1) MapMyRun- app for measuring distance, pace and speed of walks, runs and bike rides
2) Connectivity Shortcuts- quickly manage access to WiFi, Data, Bluetooth & Airplane mode in one tile. Being able to turn off the 3G Data connection means you can utilise WiFi hotspots for most of your data needs.
3) Nokia Drive- awesome GPS navigation app that comes free with the phone.
4) NZ Herald- sorry Stuff, I like the Herald app much more.
5) Stop the Music- convenient for forcing the music player to stop, rather than count down for minutes when paused, before stopping.
6) World Clock- handy for keeping in synch with those friends overseas
7) Seesmic- a better twitter client than the native twitter client for Windows phones
8) Skydrive- access your stuff on the MS 'cloud' easily
9) Weatherduck- weather app with ability tile favourite locations to main screen
10) Amazon Kindle – The Kindle reader actually works well with the 3.7" screen of the Lumia 800

So, in short reviews need to be used with some caution. They are a useful source of information. But they’re not going to be written with you as a specific consumer in mind. Hence, I think you need to identify what it is you want from a phone. Start with that and see how the various phones measure up. There are some nice selling points to Nokia and the windows OS.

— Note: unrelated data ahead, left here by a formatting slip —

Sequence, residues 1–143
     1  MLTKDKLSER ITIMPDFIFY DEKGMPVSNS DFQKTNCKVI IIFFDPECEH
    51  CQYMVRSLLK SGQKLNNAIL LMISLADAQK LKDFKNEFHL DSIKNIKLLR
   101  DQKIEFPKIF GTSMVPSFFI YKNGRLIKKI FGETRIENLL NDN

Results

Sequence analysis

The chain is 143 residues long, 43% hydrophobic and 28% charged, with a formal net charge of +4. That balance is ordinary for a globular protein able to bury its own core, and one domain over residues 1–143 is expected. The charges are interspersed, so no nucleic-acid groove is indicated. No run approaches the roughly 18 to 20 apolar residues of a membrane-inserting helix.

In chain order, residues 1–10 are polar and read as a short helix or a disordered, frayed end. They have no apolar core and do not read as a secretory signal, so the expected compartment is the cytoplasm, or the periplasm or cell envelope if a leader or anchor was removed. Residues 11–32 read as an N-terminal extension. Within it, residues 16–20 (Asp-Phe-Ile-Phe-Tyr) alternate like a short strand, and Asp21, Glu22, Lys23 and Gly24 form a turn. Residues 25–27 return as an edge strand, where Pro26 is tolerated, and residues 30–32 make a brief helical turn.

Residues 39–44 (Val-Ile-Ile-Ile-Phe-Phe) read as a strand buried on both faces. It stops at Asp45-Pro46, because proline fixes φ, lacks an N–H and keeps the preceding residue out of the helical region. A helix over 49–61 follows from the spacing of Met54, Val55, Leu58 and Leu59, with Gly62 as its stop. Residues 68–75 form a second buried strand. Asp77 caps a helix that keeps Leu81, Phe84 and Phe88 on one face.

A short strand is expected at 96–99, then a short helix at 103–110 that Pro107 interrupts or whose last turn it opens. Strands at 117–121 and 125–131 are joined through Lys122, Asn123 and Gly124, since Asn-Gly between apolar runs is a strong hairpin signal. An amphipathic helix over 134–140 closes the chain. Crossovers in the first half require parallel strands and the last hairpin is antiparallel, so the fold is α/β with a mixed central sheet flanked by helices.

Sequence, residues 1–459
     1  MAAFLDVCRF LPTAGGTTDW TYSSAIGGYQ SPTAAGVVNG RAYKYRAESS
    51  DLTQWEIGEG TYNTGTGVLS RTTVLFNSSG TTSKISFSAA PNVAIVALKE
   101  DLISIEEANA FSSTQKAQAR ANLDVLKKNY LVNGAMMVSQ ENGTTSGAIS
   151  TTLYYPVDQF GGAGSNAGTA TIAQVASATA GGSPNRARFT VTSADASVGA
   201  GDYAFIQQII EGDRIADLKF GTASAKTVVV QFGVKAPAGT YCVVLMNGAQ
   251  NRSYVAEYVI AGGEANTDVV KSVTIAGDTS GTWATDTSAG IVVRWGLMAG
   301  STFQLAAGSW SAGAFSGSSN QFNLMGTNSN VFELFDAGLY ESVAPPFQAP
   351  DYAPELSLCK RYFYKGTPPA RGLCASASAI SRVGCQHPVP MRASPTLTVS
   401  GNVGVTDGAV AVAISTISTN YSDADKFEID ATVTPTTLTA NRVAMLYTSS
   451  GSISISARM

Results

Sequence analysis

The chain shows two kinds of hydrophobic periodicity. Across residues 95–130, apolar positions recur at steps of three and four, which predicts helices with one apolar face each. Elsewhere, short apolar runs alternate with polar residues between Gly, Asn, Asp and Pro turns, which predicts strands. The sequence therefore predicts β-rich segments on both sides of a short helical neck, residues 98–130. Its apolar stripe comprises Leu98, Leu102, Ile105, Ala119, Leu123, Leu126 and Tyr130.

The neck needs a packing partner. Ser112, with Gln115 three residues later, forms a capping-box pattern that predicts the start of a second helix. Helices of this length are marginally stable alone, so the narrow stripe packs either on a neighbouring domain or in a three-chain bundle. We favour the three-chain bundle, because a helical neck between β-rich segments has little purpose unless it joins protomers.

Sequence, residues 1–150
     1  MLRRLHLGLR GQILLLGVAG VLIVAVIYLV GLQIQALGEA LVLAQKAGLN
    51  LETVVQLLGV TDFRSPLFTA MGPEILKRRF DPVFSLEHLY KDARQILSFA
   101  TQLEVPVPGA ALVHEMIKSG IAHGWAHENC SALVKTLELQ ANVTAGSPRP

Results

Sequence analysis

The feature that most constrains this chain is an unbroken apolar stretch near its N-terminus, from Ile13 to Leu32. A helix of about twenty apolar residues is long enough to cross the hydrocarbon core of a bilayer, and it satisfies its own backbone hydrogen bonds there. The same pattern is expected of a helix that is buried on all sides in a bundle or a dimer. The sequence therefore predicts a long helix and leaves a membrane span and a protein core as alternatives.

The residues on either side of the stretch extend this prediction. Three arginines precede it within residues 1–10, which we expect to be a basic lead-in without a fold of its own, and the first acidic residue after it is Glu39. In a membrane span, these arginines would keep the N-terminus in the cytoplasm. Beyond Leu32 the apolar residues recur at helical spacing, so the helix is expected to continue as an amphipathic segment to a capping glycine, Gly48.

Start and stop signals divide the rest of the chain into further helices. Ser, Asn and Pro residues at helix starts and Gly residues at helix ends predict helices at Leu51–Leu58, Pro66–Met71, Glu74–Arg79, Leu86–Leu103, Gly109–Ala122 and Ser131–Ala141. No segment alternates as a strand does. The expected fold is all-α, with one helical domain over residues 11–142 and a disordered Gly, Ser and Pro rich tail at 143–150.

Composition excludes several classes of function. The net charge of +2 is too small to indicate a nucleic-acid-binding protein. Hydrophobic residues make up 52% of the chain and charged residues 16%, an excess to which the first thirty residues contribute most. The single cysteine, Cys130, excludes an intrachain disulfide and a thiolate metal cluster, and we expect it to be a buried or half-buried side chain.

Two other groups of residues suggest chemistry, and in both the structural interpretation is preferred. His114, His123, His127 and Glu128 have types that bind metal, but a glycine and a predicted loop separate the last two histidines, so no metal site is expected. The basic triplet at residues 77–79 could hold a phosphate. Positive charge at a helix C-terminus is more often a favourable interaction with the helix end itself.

How to write a news report on Wildlife Poaching Brendan Moyle Nov 07

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After reading many of these over the years, I believe I have discerned the formula for writing the successful news report on wildlife poaching. This is all that it takes:

1) Always support the trade-ban. Trade bans are always the right thing to do. They are a brilliant conservation strategy that creates much wailing and gnashing of teeth in the actual black-markets. Removing legal competition, inflating prices and creating a niche for organised crime always discourages poaching. Because everyone knows that bloating the profits of crime syndicates through a ban, is the last thing these guys want. Rhinos have been subject to an international trade-ban since 1977. Don't question its effectiveness. Making criminals rich has got to deter poaching eventually.